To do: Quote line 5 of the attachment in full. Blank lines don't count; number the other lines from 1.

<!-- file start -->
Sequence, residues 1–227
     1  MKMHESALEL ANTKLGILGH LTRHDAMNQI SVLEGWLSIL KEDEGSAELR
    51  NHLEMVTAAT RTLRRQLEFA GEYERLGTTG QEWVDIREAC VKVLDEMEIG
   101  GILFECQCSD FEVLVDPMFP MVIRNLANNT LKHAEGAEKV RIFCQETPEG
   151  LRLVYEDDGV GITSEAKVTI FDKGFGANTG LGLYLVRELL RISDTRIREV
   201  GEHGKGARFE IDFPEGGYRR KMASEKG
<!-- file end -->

   151  LRLVYEDDGV GITSEAKVTI FDKGFGANTG LGLYLVRELL RISDTRIREV